Tom Sawyer (1917)
Jack Pickford (brother to silent superstar Mary Pickford) stars as the rambunctious Tom, who devotes his time to the pursuit of country boy pleasures and the evasion of adult responsibility. Tom's exploits -- convincing his gullible chums to whitewash the family fence, clumsily romancing young Becky Thatcher, and piloting a homemade raft among the paddlewheels of the Mississippi -- are already well known to most modern viewers, just as they were to audiences of 1917. Taylor's faithful recreation of these charming episodes was not intended to surprise the viewer with something new, but rather to provide a comfortable sense of the familiar -- to evoke fond memories of Twain's tale and create a warm sense of nostalgia for simpler times past.
In defining the look of the film and its characters, Taylor drew from the illustrations of E.W. Kemble, with whom many Twain readers were certainly familiar. Screenwriter Julia Crawford Ivers told the New York Telegraph, shortly after the film's release, "I wanted simply to make Tom live--so people would say, 'There, that's the Tom Sawyer I learned to love in Twain's pages.'"
Tom Sawyer was made in 1917, in what might be termed the cinema's adolescence. It therefore contains a degree of narrative stiffness and caricature (Huck Finn's straw-like hair and blacked-out teeth, for example) that tends to distract some viewers. This ungainly style, however, nicely complements the story, serving as the visual equivalent of Tom's own boyish awkwardness and enhancing the "aw shucks" essence of the Missouri boys' barefoot adventures.
Shooting on location in Hannibal and St. Petersburg, Missouri in September 1917, the company rented a small side-wheel steamboat and used it as offices and dressing rooms while shooting scenes along the shore. Some of the local residents were disappointed that they were never alerted to the movie stars' presence. One observer saw the crew arrive and suspected nothing, thinking they were "Government Engineer chaps" because of their black equipment cases and nondescript appearance. According to one newspaper account, "The hotel proprietor avers that the party stayed one night at his hostelry, but that they were quiet, peaceful and did not act at all like 'player folk,' so he gave them no special consideration."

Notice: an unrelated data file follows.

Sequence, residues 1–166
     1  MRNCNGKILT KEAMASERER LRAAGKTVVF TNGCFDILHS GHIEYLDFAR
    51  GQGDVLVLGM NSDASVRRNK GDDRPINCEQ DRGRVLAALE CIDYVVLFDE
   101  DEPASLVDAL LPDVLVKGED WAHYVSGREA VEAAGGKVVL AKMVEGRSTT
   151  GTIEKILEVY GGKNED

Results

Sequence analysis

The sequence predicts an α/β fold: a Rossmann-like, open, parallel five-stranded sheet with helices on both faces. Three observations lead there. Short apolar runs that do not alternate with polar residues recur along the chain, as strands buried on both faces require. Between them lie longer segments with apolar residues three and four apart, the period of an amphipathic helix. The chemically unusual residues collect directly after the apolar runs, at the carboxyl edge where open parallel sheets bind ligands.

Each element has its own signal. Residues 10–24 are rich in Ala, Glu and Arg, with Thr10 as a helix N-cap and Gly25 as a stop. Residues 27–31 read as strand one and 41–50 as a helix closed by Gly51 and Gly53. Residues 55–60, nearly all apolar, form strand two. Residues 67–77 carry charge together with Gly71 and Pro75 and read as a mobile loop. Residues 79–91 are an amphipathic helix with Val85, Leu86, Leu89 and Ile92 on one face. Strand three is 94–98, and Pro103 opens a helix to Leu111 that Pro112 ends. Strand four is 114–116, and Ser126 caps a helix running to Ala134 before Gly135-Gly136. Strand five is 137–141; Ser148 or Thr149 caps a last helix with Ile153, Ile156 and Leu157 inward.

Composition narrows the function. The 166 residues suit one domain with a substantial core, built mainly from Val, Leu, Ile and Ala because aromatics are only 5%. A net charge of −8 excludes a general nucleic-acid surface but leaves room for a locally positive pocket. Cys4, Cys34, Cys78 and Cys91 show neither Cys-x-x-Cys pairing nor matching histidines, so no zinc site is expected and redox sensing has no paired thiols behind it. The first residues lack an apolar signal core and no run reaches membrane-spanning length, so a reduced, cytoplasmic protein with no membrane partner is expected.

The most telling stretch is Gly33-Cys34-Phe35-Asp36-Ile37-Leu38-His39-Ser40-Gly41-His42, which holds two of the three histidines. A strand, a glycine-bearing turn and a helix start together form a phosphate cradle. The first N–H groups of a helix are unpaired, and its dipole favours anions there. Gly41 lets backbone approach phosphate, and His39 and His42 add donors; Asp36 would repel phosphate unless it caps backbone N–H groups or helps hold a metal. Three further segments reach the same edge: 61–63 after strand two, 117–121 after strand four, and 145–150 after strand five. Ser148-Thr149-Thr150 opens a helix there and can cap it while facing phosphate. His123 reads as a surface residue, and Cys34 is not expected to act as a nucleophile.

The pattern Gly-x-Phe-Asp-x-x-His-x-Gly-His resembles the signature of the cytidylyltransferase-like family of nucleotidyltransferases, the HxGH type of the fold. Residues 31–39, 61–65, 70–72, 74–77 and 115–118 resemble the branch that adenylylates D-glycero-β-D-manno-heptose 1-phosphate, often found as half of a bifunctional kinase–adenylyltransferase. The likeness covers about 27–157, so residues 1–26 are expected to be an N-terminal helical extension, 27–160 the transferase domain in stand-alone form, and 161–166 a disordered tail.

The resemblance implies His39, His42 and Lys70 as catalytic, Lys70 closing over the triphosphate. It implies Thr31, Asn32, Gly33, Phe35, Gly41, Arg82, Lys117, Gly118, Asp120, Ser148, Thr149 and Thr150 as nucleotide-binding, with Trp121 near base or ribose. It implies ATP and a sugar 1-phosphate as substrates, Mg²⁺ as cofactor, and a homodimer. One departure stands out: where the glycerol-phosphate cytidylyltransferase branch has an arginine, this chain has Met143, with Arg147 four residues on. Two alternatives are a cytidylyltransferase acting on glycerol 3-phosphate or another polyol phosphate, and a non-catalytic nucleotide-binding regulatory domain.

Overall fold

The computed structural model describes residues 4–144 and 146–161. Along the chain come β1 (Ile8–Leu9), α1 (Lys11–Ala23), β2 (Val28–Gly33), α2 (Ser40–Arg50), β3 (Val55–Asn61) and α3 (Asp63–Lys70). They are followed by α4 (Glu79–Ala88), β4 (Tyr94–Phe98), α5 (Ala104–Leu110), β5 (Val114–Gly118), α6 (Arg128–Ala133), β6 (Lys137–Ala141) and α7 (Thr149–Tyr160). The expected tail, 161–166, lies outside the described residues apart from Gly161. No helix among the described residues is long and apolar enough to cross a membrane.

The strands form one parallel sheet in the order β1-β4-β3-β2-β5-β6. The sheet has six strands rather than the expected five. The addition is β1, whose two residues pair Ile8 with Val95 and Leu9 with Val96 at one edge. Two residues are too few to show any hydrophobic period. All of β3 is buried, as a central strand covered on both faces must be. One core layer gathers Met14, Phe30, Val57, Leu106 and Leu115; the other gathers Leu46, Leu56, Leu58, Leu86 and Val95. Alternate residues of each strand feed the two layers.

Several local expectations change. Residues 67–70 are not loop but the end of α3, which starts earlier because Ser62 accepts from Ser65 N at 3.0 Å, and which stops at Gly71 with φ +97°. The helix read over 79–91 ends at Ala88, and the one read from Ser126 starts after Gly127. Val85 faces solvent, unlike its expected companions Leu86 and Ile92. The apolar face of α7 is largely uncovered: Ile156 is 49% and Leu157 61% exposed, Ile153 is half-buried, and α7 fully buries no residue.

In 1917, the feature-length production was a relatively new invention, and few studios would allow films to last more than five reels (approximately one hour). This made it necessary for Taylor and screenwriter Ivers to omit substantial portions of the original narrative. After the success of the film, the studio (Paramount) encouraged the filmmakers to return to Twain's novel. One year after Tom Sawyer's release, Taylor directed a sequel of sorts, Huck and Tom; Or, the Further Adventures of Tom Sawyer (1918), which allowed him to explore some of the subplots which he hadn't the time or resources to include in the first film. The following year, Taylor and screenwriter Ivers adapted Huckleberry Finn to the screen. In the estimation of silent film historian William K. Everson, "Taylor's Huckleberry Finn is possibly still the best screen adaptation of Mark Twain."
Pickford's career is generally overlooked in the shadow of his sister's, but he appeared in numerous films before his premature death at age 37. A lifelong bon vivant, Pickford married not one, not two, but three Ziegfeld showgirls in a span of fifteen years (Olive Thomas, Marilyn Miller and Mary Mulhern) and was reportedly involved with another (Lillian Lorraine) when he was only fifteen. Pickford's health began to fail in 1930 and the actor eventually passed away in 1933. But to paraphrase someone else's epitaph, "While alive, he lived." In the words of writer Anita Loos, "you couldn't help loving Jack. He was the only lush I ever knew who was good company." Pickford's niece Gwynne Pickford attributed his death to "too much of all the right things: women, drink and riotous living."
Director Taylor's life also ended prematurely, in one of the most intriguing mysteries ever to occur within the walls of Hollywood Babylon. Found dead of a gunshot wound in his home on February 2, 1922, Taylor was believed to be romantically linked to actresses Mabel Normand and Mary Miles Minter, though neither was charged with the murder. Theories of the Taylor murder abound and to this day it continues to be a source of debate among film history and true crime aficionados. Because it occurred shortly after the Roscoe "Fatty" Arbuckle scandal (in which he was charged in the death of actress Virginia Rappe), the Taylor murder was held up by moral reformers as further evidence of Hollywood debauchery and one more reason why the industry should be subjected to tighter censorship. The Hays Office was established that very year.
Director: William Desmond Taylor
Producer: Jesse L. Lasky
Screenplay: Julia Crawford Ivers
Based on the novel by Mark Twain
Cinematography: Homer Scott
Cast: Jack Pickford (Tom Sawyer), Clara Horton (Becky Thatcher), Robert Gordon (Huck Finn), George Hackathorne (Sid Sawyer), Edythe Chapman (Aunt Polly), Alice Marvin (Mary Sawyer).
by Bret Wood